There is a storm raging and the warning signs are there. This storm isn’t a physical storm but a spiritual storm. Jim Cymbala asks, “Is the light of Jesus that we are to shine before people growing dark? Has another kind of storm cut us off from our power source? Is the church of Christ disappearing into a dark night?” How did we get here? What is endangering the church and the message of Jesus Christ? How do we move on and become effective at reaching people with the message of Jesus Christ? These are among the questions that Cymbala tries to answer in his book, Storm.
As you might expect from the Brooklyn native, Cymbala comes out swinging with a “take no prisoners” approach. He is not hesitant or shy with his criticism, addressing the issues that he sees on the landscape of the American church. While there are outside influences such as the secular culture and the relativism that runs rampant throughout much of ideology today, those are not to be embraced by believers in Jesus Christ.
Cymbala is critical of the many methods of church growth that have been embraced today which have abandoned the power of the Gospel and the Holy Spirit. Methods such as the entertainment church, the relevant church, the corporate church, the latest fad church, the radical church, and the stale orthodoxy church are among those which fall into the crosshairs of Cymbala’s criticism. We need less gimmicks and more God, he says, stating that the problem, “is not with a godless, secular America, but with a church that is increasingly prayerless, compromised, demoralized, and weak. We have drifted away from the Word of God and the power of the Holy Spirit.”
Throughout the criticism that he heaps, he offers advice and pointers in how to “right the ship” as well as interspersing the stories of people from his own church, the Brooklyn Tabernacle, who have experienced life transformation through the power of the Gospel and the Holy Spirit. Prayer is among the suggestions that Cymbala makes in getting the Church back on track. His emphasis on prayer and the Holy Spirit should not be unfamiliar to anyone who has read his books before. While he may come across brash in some of his criticism, the track record of Brooklyn Tabernacle with their own prayer ministry and Holy Spirit reliance are enough to cause the reader to take pause in wonder of God’s workings through Cymbala and his church.
While Cymbala’s criticism may seem harsh to those unused to a New York state of mind, his own humility is evident. He is not simply casting blame on everyone and everything else but also owns his own shortcomings and faults over the years. Leadership, he says, or the lack of it, has caused much of the divergence that is seen within the church. If pastors are critical of their congregations, is it possible that those congregations are simply reflections of them and their own leadership?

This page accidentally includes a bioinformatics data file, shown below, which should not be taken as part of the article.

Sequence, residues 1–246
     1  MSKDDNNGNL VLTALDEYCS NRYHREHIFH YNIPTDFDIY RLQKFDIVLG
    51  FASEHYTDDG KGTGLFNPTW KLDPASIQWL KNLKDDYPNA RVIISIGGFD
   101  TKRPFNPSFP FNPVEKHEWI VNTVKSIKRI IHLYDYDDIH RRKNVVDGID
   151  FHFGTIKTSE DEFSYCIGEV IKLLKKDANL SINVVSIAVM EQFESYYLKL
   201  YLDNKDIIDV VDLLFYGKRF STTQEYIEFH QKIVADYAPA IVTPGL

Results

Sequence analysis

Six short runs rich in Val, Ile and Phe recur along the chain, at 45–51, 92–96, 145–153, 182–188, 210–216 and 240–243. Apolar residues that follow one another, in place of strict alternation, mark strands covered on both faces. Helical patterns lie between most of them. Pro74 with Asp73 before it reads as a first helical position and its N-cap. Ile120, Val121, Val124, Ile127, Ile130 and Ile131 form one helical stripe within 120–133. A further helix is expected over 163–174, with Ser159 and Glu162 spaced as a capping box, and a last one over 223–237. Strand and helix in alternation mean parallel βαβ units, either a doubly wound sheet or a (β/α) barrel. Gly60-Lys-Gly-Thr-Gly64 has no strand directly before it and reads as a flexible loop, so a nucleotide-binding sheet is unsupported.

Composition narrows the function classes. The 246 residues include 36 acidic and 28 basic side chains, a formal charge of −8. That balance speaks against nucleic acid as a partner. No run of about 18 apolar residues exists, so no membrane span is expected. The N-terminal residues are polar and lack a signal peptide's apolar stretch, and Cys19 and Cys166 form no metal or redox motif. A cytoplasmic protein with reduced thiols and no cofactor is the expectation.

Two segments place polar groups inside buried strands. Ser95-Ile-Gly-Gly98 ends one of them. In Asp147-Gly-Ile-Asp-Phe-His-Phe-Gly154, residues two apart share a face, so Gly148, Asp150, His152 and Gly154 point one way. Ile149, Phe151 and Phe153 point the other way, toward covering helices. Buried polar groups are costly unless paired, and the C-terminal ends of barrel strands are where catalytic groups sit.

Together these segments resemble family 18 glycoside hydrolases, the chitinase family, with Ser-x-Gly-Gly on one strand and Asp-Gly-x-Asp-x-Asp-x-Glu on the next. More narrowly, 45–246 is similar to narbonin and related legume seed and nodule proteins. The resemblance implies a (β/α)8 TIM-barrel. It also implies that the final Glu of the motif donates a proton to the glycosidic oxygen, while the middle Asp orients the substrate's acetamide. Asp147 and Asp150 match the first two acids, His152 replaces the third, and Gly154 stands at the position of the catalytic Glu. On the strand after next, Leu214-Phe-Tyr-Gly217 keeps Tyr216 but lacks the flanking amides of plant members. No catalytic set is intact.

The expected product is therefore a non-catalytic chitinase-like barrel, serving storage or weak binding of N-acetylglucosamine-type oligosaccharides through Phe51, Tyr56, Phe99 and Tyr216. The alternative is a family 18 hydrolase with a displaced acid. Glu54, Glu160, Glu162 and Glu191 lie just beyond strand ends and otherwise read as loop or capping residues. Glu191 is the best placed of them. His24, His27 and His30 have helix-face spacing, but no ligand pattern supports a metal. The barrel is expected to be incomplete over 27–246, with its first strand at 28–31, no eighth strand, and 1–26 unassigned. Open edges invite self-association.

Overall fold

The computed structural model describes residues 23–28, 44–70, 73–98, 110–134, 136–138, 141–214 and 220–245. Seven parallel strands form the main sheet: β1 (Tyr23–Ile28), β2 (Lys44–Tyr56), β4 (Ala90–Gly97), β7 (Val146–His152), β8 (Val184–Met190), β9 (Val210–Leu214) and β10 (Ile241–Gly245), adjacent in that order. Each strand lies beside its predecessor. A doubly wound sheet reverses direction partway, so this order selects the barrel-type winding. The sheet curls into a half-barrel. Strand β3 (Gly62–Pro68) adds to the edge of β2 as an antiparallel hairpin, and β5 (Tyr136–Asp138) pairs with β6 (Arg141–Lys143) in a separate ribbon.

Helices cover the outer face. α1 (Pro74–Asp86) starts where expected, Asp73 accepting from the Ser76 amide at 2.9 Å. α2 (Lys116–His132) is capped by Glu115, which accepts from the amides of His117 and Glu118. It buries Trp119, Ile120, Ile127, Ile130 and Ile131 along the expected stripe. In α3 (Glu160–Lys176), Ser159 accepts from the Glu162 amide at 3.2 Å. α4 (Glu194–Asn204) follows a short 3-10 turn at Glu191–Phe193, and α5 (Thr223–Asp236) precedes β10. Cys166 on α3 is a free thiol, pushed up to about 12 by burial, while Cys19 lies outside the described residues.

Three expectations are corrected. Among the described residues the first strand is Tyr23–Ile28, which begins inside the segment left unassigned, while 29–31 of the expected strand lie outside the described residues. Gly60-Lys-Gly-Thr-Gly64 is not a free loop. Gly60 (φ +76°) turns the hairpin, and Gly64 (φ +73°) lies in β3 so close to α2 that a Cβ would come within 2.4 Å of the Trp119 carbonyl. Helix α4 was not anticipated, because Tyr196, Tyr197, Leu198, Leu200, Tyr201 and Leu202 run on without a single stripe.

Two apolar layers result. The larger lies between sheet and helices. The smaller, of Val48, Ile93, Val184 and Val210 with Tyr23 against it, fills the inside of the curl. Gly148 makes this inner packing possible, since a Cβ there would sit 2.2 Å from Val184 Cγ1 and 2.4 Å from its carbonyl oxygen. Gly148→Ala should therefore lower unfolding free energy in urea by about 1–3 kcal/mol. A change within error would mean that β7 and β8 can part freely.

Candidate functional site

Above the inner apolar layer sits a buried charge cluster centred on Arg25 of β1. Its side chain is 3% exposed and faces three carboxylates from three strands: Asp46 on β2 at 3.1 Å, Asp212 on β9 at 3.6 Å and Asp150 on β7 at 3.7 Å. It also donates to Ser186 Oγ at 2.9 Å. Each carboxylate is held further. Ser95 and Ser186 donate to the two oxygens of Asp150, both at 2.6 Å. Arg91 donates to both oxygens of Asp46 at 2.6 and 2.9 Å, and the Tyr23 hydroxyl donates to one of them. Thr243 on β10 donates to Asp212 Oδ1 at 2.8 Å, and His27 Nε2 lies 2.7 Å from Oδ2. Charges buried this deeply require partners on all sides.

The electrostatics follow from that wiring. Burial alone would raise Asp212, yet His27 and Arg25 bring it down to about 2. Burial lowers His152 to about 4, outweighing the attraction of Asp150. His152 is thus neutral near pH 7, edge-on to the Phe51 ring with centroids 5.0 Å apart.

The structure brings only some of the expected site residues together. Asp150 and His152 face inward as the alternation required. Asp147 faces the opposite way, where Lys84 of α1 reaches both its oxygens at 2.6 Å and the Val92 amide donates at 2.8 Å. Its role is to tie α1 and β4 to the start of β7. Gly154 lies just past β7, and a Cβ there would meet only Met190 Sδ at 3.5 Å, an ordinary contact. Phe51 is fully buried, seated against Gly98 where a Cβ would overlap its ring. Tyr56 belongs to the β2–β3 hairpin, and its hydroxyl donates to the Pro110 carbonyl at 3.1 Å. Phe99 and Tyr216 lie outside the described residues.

Ultimately, the effectiveness of the church will be directly related to the place of the Gospel, the importance of reliance on Scripture, and the dependence on God in three persons, the Father, the Son, and the Holy Spirit. When we fail to see the importance of these things, we should not be surprised when our churches decline and become irrelevant. A reliance on the basics could go a long way to see a revival within the church, Cymbala argues.
Having been born in Brooklyn with parents who had likewise been as well, Cymbala’s style was not surprising. There were moments that I cringed at the harsh criticisms that he heaped, but I realized that he was holding true to being a prophet, one who speeks the truth of God’s word and applies it to current circumstances. Multiple times in the book, Cymbala claims to not want to be hypercritical but then goes on to do just that. His criticism comes out of his own passion and desire to see the message of Jesus Christ proclaimed to bring about life change and transformation. Considering that the average reader of this book will most likely be indoctrinated to the church, his stern words and warnings may be just the thing that is needed to wake some from their slumber and denial of the oncoming storm.
Storm is a book that calls it like it sees it. Cymbala does a good job at interspersing criticism with encouragement and calls to action. He has a heart for the people of God and the lost sheep who have yet to come into the fold of the Good Shepherd. While his style may not be for everyone, this book is a helpful reminder for those of us within the American Church to stand strong on the principles that have been tried and true for two thousand years.
(This review is based upon a copy of this book which was provided free of charge from Zondervan Publishing. These opinions are my own; I was not required to write a positive review, nor was I compensated for this review.)